root# edit firewall filter restrict-telnet term accept-telnet

[edit firewall filter restrict-telnet term accept-telnet]
root# set from source-prefix-list trusted-subnets

[edit firewall filter restrict-telnet term accept-telnet]
root# set from protocol tcp

[edit firewall filter restrict-telnet term accept-telnet]
root# set from destination-port telnet

[edit firewall filter restrict-telnet term accept-telnet]
root# set then accept

[edit firewall filter restrict-telnet term accept-telnet]
root# up

[edit firewall filter restrict-telnet]
root# edit term reject-telnet

[edit firewall filter restrict-telnet term reject-telnet]
root# set from protocol tcp

[edit firewall filter restrict-telnet term reject-telnet]
root# set from destination-port telnet

[edit firewall filter restrict-telnet term reject-telnet]
root# set then discard

[edit firewall filter restrict-telnet term reject-telnet]
root# up

[edit firewall filter restrict-telnet]
root# set term accept-other-traffic then accept

[edit firewall filter restrict-telnet]
root# top

[edit]
root# set policy-options prefix-list trusted-subnets 10.2.2.2

Now, if we try to telnet from our 192.168.2.0/24 subnet, telnet will simply hang.

root> telnet source 192.168.2.1 10.1.1.1
Trying 10.1.1.1…
^C
root>

But if we telnet from the 10.2.2.2 address, we will get our login prompt:

root> telnet source 10.2.2.2 10.1.1.1
Trying 10.1.1.1…
Connected to 10.1.1.1.
Escape character is ‘^]’.

(ttyp0)

login:

JNCIA Question of the Week #4 – Securing Remote Access

JNCIA Question of the Week #4

After several weeks off due to heavy work load and vacation, we’re back with the JNCIA Question of the Week. And to start the week off, we’re going to be asking a more complicated question than has been customary.

Q:

This week, we want to allow telnet access only from a specific subnet.

Assume we have the following scenario:

  • Two routers directly connected through their em0 interfaces on the 172.16.0.0/30 subnet
  • R1’s lo0.0 address is 10.1.1.1
  • R2’s lo0.0 address is 10.2.2.2
  • R1 has the 192.168.1.0/24 network attached to its em1 interface
  • R2 has the 192.168.2.0/24 network attached to its em1 interface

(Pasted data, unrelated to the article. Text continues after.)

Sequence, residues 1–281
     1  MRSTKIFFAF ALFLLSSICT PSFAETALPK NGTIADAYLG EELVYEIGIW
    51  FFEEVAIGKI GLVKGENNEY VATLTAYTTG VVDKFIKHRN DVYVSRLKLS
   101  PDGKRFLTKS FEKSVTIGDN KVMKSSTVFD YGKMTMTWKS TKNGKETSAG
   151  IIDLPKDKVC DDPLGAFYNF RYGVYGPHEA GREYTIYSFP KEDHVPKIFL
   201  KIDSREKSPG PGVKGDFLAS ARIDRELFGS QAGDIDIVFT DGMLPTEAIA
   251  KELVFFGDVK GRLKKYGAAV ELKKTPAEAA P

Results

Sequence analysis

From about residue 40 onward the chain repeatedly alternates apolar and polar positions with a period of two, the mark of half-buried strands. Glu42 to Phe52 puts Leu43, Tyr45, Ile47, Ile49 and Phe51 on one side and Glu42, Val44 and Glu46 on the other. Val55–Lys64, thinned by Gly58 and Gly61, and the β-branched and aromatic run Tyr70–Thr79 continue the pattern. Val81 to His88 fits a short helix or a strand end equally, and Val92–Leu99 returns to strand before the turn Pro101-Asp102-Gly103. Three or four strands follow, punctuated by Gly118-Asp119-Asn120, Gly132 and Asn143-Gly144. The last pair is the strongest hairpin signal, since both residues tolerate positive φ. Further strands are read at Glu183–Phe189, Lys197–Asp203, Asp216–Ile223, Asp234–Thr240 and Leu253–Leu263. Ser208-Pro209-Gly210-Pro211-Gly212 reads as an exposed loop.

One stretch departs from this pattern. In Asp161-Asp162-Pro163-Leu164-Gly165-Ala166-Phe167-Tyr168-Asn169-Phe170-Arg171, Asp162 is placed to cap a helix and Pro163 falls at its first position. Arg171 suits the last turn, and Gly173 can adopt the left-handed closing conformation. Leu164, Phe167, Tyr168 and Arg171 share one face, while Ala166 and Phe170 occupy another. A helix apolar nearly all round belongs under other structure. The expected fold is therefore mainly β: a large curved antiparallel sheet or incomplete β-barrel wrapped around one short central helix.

• We only want to allow telnet access to R1 from R2 from the 10.2.2.2/32 address.

What firewall filter(s) need to be created, to which device(s) and interface(s) must it/they be applied to and in which direction (ingress/egress), and how can we verify the firewall filter(s) work as intended?

This is a very open-ended question. Substitute IP addresses as you want. These were provided strictly as guidelines.

The answer to this week’s question will not be provided until Friday due to its complexity relative to previous questions. Also on Friday will be a Feature Lab Friday detailing how this can be accomplished and why we would want to accomplish such a thing.

[edit]

A:

Please refer to the post here for details on how to answer this question.
[/edit]

Content Resumes Soon! – On December 26

Hey everyone. There haven’t been updates in a while, I know. I’ve been in Little Rock meeting the managers behind our data NOC. This week, I’ve been in class all day, every day. Next week is vacation and Christmas.

I’ll be back on December 26, though, so updates will resume then.

No Lab Today

I’ve been getting ready for a business trip to Little Rock all day, so no lab today.

We’ll pick up next week. Happy networking!

JNCIA and Network Fundamentals

There is a very fundamental concept behind the Juniper JNCIA-Junos exams: they expect you to have an understanding of networks before you ever take the exam.

The exam itself expects you to understand concepts such as subnetting and other networking basics. If you are not familiar with subnetting, how it’s done, why it’s done, what it means, etc., please consider taking the CompTIA Network+ exam. The official materials for the JNCIA-Junos exam do not really go over the fundamentals of data networking. (please see the note at the end of this post)

If you need to study or brush up on your networking fundamentals, I can recommend Michael Meyers’ CompTIA Network+ Guide to Managing and Troubleshooting Networks, Second Edition. It is several years old now, but it is still an excellent book.

If you’re looking for something more up-to-date, or if you prefer videos to books, check out Professor Messer’s N10-004 CompTIA Network+ Training Course. They’re free, too!

I don’t think that anyone could stress enough how important the fundamentals are. Although subnetting seemed to be the only fundamental stressed on the JNCIA-Junos exam that wasn’t covered in the official materials, everything on the Network+ exam is important to a career as a network technician, analyst, or engineer.

[note]
When I say “official materials,” I am talking about the materials offered via FastTrack. I don’t have the funds to purchase the JNCIA-Junos handbooks or attend the JNCIA-Junos classes. While the FastTrack video does talk about several fundamental concepts, I feel that it does not touch on them enough.
[/note]